It takes me three hours, give or take an hour, to convince myself to get out of bed every day. I wake up, always under protest, take hold of my phone (which I have taken to calling my light saber, or sometimes my wand, or the magic box, whatever, smartphones are straight out of the science fiction of my youth) and read the headlines from The New York Times and The Guardian. I take a look at Facebook. I take a look at Twitter. This usually provides my misanthropy with enough fuel to keep me in bed for at least an hour.
There’s some portion of my routine spent laying on my back and staring at my ceiling. If ever there is a time my survival depends on my winning a staring contest, I think I’m golden. There’s a hole in my ceiling, wires dangling out, where there should be a fixture of some kind. When I was diagnosed with cancer, I had lived in my home for thirteen years. For all those thirteen years, I had lived with the ugliest ceiling fan – light fixture combo I believe ever to have been produced. That ceiling fan came down first thing because I’d be damned if I was going to spend the next however long in my bed looking at that fucking thing. But then I had no money for a replacement. So. Three years later, there is the hole in the ceiling. But every morning, I stare at it and I think, at least I’m not looking at that awful, piece of shit, ceiling fan.
I talk to my dog. I talk to my dog a lot. I tell her about the missing girls in Africa, about Arsenal winning. I tell her the joke I read on Twitter. I tell her about the pictures of cute puppies on Facebook. Sometimes I show her the cute pictures. She remains unimpressed with the magic of the phone and is disinterested in the pictures. She will prick up her ears if it is a video, with sound. Mostly, she sighs a lot and heaves around on the bed, watching me for any signs on when we may be departing the bed.
After contemplating the human condition in the 21st century and the hole in my ceiling, I start to think about food. Thinking about food is a sure sign that odds of my leaving the bed have tipped in favor of exit. I gauge my hunger level. I think about what food I have. I gauge my level of give a damn, vis a vis cooking. I weigh the options between cooking breakfast or lunch because let’s face it, at this time of the day, most people are thinking about their second meal. But not me. I’m still in bed. Because I’m still not sure leaving it is worth it.
Making a decision about cooking is usually something my mind isn’t quite ready to handle. Too many choices, too much thinking involved. More than likely, there is a small mountain of crap laying about my kitchen as well. More give a damn involved than I have at the moment. An inventory of physical issues usually comes up about now. What’s my pain level today? How’s the back? The arm? The shingles? The implant? The hands? The feet? Migraine likely today? I stretch. I have to be careful, though. Not too vigorously or muscle cramps in my legs. What’s my pee situation? Sometimes, I dash to the bathroom and return quickly to the bed before the dog can decide to make a play for the warmth of my place among the sheets but more often than not, the situation is deemed non-urgent.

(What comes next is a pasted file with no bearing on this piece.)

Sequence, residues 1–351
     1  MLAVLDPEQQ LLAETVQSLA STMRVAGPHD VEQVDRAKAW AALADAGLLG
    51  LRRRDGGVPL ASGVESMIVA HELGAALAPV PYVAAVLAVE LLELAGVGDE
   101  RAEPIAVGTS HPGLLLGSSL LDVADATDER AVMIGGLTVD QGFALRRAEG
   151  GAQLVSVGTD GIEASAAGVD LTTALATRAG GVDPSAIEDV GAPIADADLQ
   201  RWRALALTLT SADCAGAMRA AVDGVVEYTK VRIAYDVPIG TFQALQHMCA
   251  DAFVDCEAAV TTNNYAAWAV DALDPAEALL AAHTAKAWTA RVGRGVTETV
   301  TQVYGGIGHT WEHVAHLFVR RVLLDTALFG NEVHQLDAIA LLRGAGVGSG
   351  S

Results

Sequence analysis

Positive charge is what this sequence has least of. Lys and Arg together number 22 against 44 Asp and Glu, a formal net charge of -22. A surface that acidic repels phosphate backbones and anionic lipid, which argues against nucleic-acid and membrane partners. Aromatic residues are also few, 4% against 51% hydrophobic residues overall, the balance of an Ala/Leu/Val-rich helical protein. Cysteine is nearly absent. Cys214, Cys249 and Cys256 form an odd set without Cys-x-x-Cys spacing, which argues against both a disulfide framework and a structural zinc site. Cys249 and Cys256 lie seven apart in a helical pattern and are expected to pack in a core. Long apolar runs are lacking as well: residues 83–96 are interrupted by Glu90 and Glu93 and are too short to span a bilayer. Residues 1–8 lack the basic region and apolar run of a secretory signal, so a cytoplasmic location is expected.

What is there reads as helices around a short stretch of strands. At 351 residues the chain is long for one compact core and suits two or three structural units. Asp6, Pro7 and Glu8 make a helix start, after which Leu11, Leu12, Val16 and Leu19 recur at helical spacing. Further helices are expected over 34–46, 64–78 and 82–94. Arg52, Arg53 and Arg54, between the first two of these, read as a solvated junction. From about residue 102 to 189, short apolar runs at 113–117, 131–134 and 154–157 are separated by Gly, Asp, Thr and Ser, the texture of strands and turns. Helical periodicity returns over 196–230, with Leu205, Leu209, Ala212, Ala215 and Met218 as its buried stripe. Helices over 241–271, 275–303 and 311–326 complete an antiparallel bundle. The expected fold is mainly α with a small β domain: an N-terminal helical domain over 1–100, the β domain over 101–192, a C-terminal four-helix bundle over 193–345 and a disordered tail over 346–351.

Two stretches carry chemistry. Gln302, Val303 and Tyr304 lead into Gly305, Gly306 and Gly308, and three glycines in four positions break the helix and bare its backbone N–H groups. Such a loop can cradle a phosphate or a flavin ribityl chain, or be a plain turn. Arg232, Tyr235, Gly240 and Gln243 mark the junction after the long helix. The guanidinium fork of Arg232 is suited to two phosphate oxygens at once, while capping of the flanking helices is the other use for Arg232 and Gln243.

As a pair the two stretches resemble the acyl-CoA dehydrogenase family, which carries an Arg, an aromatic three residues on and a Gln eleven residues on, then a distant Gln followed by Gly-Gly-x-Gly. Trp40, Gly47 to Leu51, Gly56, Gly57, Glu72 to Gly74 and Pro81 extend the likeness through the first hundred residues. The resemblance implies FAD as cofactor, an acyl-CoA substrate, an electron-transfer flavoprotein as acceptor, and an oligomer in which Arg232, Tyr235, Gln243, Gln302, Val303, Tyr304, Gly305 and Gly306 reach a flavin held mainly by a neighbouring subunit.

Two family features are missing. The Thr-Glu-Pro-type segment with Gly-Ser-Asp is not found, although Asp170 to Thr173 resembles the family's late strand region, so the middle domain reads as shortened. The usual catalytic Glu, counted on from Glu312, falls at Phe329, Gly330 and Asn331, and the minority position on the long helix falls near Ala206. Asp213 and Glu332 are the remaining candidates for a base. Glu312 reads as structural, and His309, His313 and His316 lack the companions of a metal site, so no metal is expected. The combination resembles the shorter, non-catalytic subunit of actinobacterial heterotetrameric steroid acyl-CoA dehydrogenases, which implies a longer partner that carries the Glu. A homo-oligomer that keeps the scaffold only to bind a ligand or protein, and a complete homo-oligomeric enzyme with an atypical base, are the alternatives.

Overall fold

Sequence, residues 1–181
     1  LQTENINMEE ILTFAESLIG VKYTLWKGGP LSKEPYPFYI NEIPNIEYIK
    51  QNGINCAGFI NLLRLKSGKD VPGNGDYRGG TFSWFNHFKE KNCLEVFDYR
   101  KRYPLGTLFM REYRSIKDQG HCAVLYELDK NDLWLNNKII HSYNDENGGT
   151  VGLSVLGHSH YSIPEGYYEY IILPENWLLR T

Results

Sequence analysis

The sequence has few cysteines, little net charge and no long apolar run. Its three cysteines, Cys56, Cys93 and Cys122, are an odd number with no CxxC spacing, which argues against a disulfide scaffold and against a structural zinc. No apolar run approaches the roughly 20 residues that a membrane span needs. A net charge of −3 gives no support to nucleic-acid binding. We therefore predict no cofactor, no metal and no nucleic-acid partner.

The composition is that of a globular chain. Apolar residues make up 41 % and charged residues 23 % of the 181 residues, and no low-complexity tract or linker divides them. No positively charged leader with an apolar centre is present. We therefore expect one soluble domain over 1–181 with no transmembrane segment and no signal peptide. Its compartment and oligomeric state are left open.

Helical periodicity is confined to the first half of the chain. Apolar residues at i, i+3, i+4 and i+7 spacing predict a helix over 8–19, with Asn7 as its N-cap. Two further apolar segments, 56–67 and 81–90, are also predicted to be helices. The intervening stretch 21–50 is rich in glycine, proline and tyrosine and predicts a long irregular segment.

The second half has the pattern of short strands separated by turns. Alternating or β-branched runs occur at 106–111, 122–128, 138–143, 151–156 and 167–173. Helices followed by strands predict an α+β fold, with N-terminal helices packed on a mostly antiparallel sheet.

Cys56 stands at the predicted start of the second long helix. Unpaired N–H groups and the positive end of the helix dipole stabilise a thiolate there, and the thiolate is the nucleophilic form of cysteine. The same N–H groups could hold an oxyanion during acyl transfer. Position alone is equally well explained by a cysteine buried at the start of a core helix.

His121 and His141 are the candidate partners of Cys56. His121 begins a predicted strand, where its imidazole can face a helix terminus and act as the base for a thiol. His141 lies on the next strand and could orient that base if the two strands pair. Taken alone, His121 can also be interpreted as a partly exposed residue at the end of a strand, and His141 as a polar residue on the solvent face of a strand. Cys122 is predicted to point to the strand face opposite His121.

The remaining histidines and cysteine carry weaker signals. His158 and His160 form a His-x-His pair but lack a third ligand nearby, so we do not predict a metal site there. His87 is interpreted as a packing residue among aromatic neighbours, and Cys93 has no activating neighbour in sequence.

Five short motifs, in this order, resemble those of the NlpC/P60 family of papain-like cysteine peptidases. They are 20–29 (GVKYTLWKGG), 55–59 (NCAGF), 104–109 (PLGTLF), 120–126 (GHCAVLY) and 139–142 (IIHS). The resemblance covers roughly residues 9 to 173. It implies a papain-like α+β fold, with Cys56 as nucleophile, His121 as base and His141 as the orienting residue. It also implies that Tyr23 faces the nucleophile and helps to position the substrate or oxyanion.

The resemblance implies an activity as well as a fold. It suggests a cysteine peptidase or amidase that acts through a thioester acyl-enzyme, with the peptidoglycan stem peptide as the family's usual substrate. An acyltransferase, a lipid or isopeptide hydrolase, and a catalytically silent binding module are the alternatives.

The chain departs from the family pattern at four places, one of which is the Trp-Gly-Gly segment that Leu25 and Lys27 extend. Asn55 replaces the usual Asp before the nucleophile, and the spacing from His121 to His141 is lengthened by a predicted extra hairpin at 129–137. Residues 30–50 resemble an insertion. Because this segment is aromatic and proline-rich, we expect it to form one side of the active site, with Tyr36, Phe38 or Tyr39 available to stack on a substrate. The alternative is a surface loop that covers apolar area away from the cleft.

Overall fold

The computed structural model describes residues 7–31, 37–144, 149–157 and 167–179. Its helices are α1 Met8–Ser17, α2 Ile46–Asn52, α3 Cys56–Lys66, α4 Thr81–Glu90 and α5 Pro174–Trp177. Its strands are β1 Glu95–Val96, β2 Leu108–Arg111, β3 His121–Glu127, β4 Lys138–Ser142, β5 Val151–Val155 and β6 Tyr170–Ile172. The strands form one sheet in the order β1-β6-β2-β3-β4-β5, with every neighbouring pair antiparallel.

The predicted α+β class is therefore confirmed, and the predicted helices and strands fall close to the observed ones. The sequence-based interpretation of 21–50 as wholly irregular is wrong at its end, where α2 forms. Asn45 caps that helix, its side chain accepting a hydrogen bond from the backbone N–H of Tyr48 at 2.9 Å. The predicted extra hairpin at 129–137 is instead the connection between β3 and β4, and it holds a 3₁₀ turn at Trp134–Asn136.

Now is when the work begins, the real work of motivating myself up and out of the bed, for good, for the entire day. The tone of the dialogue changes. I review all the ways in which I have already screwed this day up. I weigh the likelihood of anything interesting happening anywhere between my bed and my sofa, anything I would miss if I did not leave my bed. The most compelling thing I can come up with is watching my dog try to communicate her displeasure at the trespass of wild bunnies. Usually, it comes down to hunger and the need to urinate. Bacon, coffee, and the fear of wetting the bed, that’s it.
Have you ever thought about what would happen to your body if you died at home? How long it would take for someone to find you? How long would it take before anyone noticed something was off? I have. I do, almost every day. It would take seven days of silence before my mother would call. A good guess of a day, maybe two, without an answer before she would send my father over here to check on me. That’s a bit of time for a body to be left on its own. Sometimes, my dead, bloated, body floats through my dreams. I wake up, worried about how my dog would cope without water for a week.
These hours of cajoling and ruminating, I don’t know how it started. It feels a little like grief, a little bargaining, a little denial, a little anger. This is not how it was supposed to be. This is not how it was supposed to be. This is not how it was supposed to be. This is not how it was supposed to be.Â I am amazed I have not been crushed by the weight of the unfuckingbelievable load of shit piled on my shoulders. How have I not collapsed? Not folded in on myself, a mess of broken lines and planes?
I don’t know what I’m doing. I’m waiting, I guess. I don’t know what I’m waiting for. Waiting on? Is it someone? Is it some thing? A thought? Insight? I don’t know. I know I have to get out of the bed, every day. That’s my daily Big Win. I know that. I know I have to get out of the bed.